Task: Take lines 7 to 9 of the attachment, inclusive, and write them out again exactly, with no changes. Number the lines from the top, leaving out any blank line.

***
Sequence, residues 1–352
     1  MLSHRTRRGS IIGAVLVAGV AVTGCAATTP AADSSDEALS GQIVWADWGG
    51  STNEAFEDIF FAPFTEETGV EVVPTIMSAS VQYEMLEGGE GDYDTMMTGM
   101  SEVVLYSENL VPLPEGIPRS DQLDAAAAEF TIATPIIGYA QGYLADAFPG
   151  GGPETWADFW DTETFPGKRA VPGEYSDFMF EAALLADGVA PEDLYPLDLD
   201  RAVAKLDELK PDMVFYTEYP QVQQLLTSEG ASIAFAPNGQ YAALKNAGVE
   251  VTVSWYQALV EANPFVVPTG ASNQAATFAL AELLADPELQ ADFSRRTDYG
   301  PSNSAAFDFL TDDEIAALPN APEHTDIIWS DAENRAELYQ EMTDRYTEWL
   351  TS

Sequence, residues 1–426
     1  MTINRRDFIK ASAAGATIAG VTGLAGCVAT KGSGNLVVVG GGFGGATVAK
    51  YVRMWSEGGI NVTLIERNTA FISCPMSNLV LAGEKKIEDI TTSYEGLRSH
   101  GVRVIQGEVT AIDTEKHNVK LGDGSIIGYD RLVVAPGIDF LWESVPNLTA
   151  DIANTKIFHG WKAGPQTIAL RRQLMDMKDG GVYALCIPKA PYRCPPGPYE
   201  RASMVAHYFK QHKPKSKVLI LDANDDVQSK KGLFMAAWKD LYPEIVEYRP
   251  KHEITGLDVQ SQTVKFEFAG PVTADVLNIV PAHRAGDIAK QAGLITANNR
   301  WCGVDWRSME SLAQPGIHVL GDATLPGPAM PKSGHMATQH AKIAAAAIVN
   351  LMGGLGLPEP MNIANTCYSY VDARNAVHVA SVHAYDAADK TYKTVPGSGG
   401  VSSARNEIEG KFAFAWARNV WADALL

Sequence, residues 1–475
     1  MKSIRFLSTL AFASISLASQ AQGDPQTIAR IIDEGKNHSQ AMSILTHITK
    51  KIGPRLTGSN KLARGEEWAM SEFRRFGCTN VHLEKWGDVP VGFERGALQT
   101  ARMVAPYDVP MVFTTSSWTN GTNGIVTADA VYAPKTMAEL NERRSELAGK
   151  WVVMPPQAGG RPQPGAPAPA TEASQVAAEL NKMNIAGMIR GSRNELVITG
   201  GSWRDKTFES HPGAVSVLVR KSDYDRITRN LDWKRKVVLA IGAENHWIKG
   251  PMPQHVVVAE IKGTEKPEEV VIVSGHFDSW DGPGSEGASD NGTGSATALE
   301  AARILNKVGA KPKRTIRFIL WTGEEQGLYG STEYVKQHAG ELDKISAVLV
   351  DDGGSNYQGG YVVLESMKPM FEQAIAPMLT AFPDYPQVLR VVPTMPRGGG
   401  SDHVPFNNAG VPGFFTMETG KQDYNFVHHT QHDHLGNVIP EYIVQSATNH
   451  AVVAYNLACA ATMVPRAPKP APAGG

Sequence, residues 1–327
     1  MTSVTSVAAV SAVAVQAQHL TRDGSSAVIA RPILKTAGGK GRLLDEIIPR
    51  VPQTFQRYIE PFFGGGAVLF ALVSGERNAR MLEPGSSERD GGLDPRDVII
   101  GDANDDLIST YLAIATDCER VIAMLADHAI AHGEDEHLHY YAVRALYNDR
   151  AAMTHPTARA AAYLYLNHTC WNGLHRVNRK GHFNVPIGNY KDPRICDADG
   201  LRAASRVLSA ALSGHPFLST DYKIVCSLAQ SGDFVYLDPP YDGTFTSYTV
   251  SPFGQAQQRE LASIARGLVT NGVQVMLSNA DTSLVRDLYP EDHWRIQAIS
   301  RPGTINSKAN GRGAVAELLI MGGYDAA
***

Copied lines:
   251  VTVSWYQALV EANPFVVPTG ASNQAATFAL AELLADPELQ ADFSRRTDYG
   301  PSNSAAFDFL TDDEIAALPN APEHTDIIWS DAENRAELYQ EMTDRYTEWL
   351  TS